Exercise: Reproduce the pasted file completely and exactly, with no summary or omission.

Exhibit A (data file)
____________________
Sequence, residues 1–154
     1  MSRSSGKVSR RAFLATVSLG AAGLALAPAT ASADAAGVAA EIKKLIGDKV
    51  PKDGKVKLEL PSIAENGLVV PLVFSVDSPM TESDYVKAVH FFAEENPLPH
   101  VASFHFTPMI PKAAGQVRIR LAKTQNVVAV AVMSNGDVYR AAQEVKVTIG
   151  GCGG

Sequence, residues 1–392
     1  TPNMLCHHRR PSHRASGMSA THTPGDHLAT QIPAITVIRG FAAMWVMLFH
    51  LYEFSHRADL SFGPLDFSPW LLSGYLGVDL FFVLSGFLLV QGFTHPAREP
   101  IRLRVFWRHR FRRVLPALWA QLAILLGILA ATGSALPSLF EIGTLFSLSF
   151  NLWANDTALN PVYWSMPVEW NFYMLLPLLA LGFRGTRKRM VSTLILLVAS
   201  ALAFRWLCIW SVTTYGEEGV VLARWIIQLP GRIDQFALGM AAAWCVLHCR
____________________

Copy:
Sequence, residues 1–154
     1  MSRSSGKVSR RAFLATVSLG AAGLALAPAT ASADAAGVAA EIKKLIGDKV
    51  PKDGKVKLEL PSIAENGLVV PLVFSVDSPM TESDYVKAVH FFAEENPLPH
   101  VASFHFTPMI PKAAGQVRIR LAKTQNVVAV AVMSNGDVYR AAQEVKVTIG
   151  GCGG

Sequence, residues 1–392
     1  TPNMLCHHRR PSHRASGMSA THTPGDHLAT QIPAITVIRG FAAMWVMLFH
    51  LYEFSHRADL SFGPLDFSPW LLSGYLGVDL FFVLSGFLLV QGFTHPAREP
   101  IRLRVFWRHR FRRVLPALWA QLAILLGILA ATGSALPSLF EIGTLFSLSF
   151  NLWANDTALN PVYWSMPVEW NFYMLLPLLA LGFRGTRKRM VSTLILLVAS
   201  ALAFRWLCIW SVTTYGEEGV VLARWIIQLP GRIDQFALGM AAAWCVLHCR